Selling on Etsy – is it the Right Platform for Your Brand?

The next platform in our eCommerce series of options for small business owners is Etsy, “a marketplace where people around the world connect, both online and offline, to make, sell and buy unique goods.”

Etsy is a worldwide market where artists and crafters sell their own handmade and vintage goods and supplies.

The Etsy marketplace has its own “style” that’s influenced by its mission statement (below). You should look around on the site if you aren’t familiar with it and get a feel for what is successful on Etsy as not all products are suited to this platform. The very first step to considering Etsy is to make sure your target customer might actually look on Etsy for the types of products you’re selling.

etsy

Other popular platforms draw their own types of buyers and might be able to offer a different experience to your target audience.  Amazon has recently announced “Handmade at Amazon which is similar to Etsy as a space for artisans to sell their own handcrafted goods, but also has a global reach and a gigantic eCommerce presence.  There’s also eBay, the inspiration for the original eCommerce market that sells any type of product to anyone, mass-produced or handmade.


Posts from our eCommerce series:

ecommerce-tips-before-starting-online-store

woocommerce-wordpress

etsy

magento ecommerce


First, a background on Etsy

Etsy was founded in 2005 in Brooklyn, NY as a way for a community of crafters and artists to sell their vintage and handmade goods online. Over time, this site has transformed into a sophisticated, eCommerce platform that connects sellers and buyers across the world.

Etsy’s mission is to build and run a company that combines it’s cultural and environmental sensibilities with its business goals.

Their business model is based on “shared success.”  Etsy makes money when sellers make money.  Currently, there’s a $0.20 USD listing fee for each item and a 3.5% fee for completed sales. Additional revenues come from added services that sellers purchase.

Etsy sellers range from hobbyists to professional merchants who are entrepreneurs, building businesses that support them full-time, and have helped turn Etsy into a global marketplace for handmade and vintage goods.

Why Sell on Etsy – Benefits of the Etsy Marketplace

Etsy is a ready-made platform where you can sell without any technical knowledge. Through Etsy, merchants can immediately offer their customers an option to buy online, and Etsy is an established brand they may already be comfortable with.


Etsy – and easy to use platform for eCommerce


Because all the security issues and requirements for credit card transactions are handled by Etsy, merchants don’t need to worry about being responsible for compliance and regulations.

  • Etsy also offers direct checkout if you’re selling in person and need to be able to use a credit card reader on your phone.

It’s REALLY easy to set up your shop. Setting up shop is as easy as: choosing your shop name; adding your policy information and a detailed description of what you sell; listing your products (each listing costs $0.20 and when you sell an item, Etsy takes 3.5%) and selecting which types of payment you’ll take.

  • Etsy recently introduced “Pattern,” a seller service which can create a custom site in minutes, with your own logo, colors, and brand. If you’re not handy with graphic design, you can select from existing themes and established color palettes and then customize the site to get the look you want.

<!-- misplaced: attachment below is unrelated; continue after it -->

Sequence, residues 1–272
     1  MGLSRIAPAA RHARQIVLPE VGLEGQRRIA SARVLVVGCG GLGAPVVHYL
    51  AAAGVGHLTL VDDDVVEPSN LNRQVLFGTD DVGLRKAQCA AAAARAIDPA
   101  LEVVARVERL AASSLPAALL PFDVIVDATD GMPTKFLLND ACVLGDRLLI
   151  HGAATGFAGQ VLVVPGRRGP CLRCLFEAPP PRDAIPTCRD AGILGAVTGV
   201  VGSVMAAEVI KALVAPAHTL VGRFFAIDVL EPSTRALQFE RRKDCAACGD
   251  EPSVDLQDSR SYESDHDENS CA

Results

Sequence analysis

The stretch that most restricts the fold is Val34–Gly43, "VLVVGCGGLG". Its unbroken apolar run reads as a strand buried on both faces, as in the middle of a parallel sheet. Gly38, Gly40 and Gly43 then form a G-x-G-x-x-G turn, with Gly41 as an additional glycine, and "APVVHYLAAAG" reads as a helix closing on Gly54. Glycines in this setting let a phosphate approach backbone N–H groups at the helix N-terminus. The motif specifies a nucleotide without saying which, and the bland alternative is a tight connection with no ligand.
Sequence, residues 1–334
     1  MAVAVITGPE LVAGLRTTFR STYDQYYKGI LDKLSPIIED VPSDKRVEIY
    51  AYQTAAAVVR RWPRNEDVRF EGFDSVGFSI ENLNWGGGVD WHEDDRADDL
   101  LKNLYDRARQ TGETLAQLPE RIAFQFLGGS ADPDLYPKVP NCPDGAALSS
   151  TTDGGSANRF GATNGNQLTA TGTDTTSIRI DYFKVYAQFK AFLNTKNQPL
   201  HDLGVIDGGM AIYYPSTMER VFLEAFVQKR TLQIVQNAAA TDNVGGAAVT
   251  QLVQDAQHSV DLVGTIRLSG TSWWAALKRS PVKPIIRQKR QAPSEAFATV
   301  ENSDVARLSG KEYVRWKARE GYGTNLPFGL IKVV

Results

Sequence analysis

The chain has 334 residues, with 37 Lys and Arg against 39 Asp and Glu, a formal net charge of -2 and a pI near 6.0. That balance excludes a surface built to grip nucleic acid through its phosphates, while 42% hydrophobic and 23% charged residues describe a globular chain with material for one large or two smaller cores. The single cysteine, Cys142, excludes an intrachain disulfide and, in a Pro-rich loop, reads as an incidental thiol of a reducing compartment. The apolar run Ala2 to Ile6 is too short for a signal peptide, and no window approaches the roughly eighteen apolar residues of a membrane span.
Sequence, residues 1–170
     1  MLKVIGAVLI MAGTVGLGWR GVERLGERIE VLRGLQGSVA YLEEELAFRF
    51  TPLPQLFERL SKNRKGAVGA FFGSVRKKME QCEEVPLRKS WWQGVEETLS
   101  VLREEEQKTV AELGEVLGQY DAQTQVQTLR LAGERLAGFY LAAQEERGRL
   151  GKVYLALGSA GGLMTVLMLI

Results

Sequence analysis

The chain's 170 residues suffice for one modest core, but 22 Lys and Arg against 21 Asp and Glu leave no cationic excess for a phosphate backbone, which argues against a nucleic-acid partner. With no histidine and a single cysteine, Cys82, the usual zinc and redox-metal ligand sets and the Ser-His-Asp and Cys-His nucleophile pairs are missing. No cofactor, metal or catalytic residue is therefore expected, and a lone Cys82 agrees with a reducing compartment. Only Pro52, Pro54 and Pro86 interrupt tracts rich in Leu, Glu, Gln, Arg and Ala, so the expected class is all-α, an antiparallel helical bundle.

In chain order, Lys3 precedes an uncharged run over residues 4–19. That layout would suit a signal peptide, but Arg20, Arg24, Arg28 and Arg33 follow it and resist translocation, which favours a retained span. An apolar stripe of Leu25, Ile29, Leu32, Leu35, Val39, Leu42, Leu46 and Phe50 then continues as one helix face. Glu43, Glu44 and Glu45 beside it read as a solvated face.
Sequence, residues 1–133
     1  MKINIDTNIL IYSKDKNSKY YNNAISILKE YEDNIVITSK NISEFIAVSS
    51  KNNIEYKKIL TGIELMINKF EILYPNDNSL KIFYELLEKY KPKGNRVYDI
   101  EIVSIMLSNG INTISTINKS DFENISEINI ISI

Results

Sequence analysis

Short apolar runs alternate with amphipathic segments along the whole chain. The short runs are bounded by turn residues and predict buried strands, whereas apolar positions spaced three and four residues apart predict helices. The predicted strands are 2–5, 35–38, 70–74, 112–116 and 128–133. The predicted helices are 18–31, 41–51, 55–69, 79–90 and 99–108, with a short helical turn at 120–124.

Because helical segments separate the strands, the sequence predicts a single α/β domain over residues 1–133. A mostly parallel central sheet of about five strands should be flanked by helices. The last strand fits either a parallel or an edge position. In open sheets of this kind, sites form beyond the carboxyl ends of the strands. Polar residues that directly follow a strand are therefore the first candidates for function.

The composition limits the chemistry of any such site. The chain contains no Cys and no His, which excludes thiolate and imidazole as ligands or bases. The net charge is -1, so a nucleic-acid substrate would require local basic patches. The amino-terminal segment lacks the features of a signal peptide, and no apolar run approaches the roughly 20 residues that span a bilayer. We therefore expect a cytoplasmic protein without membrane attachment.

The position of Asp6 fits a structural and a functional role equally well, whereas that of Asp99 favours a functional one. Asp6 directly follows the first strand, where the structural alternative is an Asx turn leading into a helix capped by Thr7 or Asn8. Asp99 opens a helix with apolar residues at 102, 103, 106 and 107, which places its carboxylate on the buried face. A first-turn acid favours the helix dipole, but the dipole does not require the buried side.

There’s even a mobile app for iPhone, iPad, Apple Watch (running iOS 8.0 or above) and any devices running the Android operating system (running 4.0, Ice Cream Sandwich or above).  Apple apps are available in the Apple App Store and Android apps can be downloaded from the Google Play Store.

  • As a seller using the mobile Etsy app, you’ll get notifications of queries from your store or anytime someone “Favorites” or purchases an item. You can use it to list products as well as using your phone for a mobile POS (there are mobile fees from Etsy).  Be aware that there are other options for mobile POS selling through companies like PayPal as well. Selling through Etsy’s mobile app is not the only solution.

Etsy integrates shipping with their platform—shipping labels are available to make it easier to send your sold items to the customers. Once an order is placed, you can purchase a label from the order management area in your shop. This is especially handy for mailing to international buyers.

  • Shipping options can be set up per item, or via shipping profiles that can be assigned to individual items.
  • Etsy also provides an automatic calculation of shipping costs (a much-requested feature that was released in 2015, to the thrill of many Etsy shop owners).

You can enhance the exposure for your listings using the Promoted Listings feature, where you bid for advertising space in the search results for Etsy. Depending on the outcome of your bid, your items appear in the row of Promoted Listings in the search results page above the regular search results, where you may or may not show up organically.

Support from other sellers is available in Etsy forums where you can share ideas, get advice or marketing tips and chat with other sellers around the world.

Disadvantages of Selling on Etsy

Selling on Etsy is easy, but it’s not free. Each listing costs $0.20 and Etsy takes 3.5% of each sale. In order to keep your listings “fresh,” and seen, you’ll want to renew them on a regular basis to have them come to the top of a search. That means another $0.20 listing fee each time.  Other fees include credit card processing fees, shipping labels, and $15/month for a pattern site if you choose to create one. Promoted ads to increase exposure add to the cost.


Etsy is: not free, takes work, and can be limiting


If you are not selling handmade, vintage items, or crafting supplies, this is not the place for you.

  • Etsy is strict that items sold on their site are made by the artisan and not resold from another source (although there have been complaints from the Etsy community that Etsy is not as strict on enforcement as they should be).